The state should ensure that its alternate routes provide streamlined preparation that is relevant to the immediate needs of new teachers.
New York does not ensure that its alternate route candidates will receive streamlined preparation that meets the immediate needs of new teachers.
Candidates in New York's Transition B route must complete 200 clock hours of coursework, including 40 clock hours of field experiences. At least six of the field-based hours must be focused on meeting the needs of students with disabilities. The state has set a wide range of coursework for Transition B candidates to complete. In addition to learning about child development, instructional planning and classroom management, new teachers must also be instructed in such coursework as the historical, social and legal foundations of education and instructing students in the prevention of child abduction.
New York provides no specific guidelines about the nature or quantity of coursework for its Transition C alternate route. There is no limit on the amount of coursework that can be required overall, nor on the amount of coursework a candidate can be required to take while also teaching.
Both Transition B and C routes allow colleges to set the time frame for completion of their alternate route programs. Most programs are intended to be completed in two years, but this may vary, and some may require up to three years to complete.
Transition C teachers must teach for three years in order to be eligible for standard certification. Transition B alternate route candidates are eligible to receive full certification within two years.
Transition B candidates receive intensive mentoring during their first eight weeks and receive continued support during the remainder of the time the candidate is enrolled in the program and teaching. Program faculty, the school principal, the mentor and the candidate are required to meet at least once every three months during the first year of mentored teaching and periodically thereafter.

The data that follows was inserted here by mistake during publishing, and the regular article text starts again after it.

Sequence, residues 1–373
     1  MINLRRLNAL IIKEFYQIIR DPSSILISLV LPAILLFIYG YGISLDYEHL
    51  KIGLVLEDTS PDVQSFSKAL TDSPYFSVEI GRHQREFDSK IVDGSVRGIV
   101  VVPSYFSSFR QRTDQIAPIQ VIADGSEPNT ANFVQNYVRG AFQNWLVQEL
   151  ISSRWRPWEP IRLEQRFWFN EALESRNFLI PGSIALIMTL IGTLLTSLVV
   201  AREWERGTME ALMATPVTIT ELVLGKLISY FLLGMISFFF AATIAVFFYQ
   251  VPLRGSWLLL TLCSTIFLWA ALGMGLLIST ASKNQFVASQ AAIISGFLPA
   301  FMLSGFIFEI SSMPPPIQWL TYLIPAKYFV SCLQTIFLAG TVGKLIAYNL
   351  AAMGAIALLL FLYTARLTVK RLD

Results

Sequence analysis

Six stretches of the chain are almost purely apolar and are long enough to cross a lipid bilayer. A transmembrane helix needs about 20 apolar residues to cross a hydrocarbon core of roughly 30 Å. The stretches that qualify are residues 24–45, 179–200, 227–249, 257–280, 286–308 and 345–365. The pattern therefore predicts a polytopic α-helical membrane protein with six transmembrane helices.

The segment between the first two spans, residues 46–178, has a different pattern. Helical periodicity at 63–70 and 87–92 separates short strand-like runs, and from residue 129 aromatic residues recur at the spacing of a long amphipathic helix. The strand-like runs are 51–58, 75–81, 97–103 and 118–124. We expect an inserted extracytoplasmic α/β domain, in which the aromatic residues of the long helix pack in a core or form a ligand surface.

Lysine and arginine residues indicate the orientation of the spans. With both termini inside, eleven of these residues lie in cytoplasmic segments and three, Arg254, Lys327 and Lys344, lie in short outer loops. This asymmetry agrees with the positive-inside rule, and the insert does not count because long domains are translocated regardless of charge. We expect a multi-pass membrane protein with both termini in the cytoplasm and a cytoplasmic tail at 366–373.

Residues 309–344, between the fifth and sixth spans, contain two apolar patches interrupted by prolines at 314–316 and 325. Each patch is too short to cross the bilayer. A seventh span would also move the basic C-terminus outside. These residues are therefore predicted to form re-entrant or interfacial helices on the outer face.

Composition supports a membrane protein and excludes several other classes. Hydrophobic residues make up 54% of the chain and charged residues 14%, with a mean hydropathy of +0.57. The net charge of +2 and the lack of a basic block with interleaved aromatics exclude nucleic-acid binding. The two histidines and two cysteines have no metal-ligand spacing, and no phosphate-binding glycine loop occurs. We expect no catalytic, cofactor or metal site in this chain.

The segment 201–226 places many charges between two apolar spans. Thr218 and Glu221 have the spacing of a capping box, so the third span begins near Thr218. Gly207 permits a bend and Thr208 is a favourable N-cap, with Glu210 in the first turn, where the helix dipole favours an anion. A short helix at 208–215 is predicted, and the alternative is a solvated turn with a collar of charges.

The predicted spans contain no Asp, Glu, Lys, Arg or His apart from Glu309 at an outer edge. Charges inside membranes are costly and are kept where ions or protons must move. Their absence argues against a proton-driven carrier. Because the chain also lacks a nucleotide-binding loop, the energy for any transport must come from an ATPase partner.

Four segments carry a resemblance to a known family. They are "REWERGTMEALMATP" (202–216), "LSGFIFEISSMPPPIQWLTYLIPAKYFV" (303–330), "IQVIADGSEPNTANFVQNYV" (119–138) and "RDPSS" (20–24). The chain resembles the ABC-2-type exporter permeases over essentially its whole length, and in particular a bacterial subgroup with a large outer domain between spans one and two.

Transition C candidates receive mentoring for two years. The state requires that daily mentoring occur for at least the first 20 days of teaching.
New York is commended for its mentoring program, which appropriately front-loads support for new teachers during their first weeks in the classroom.
Establish coursework guidelines for alternate route preparation programs.
The state should articulate guidelines regarding the nature and amount of coursework required of candidates. Requirements should be manageable and contribute to the immediate needs of new teachers. Appropriate coursework should include grade-level or subject-level seminars, methodology in the content area, classroom management, assessment and scientifically based early reading instruction.
Ensure that coursework is relevant to the immediate needs of new teachers.
The nature of coursework outlined for Transition B candidates seems to reflect the preparation typical of a traditional program, not a streamlined one designed to meet the immediate needs of new teachers. However constructive, any course that is not fundamentally practical and immediately necessary should be eliminated as a requirement.
Ensure program completion in less than two years.
New York should consider shortening the length of time it takes an alternate route teacher to earn standard certification. The route should allow candidates to earn full certification no later than the end of the second year of teaching.
New York recognized the factual accuracy of this analysis.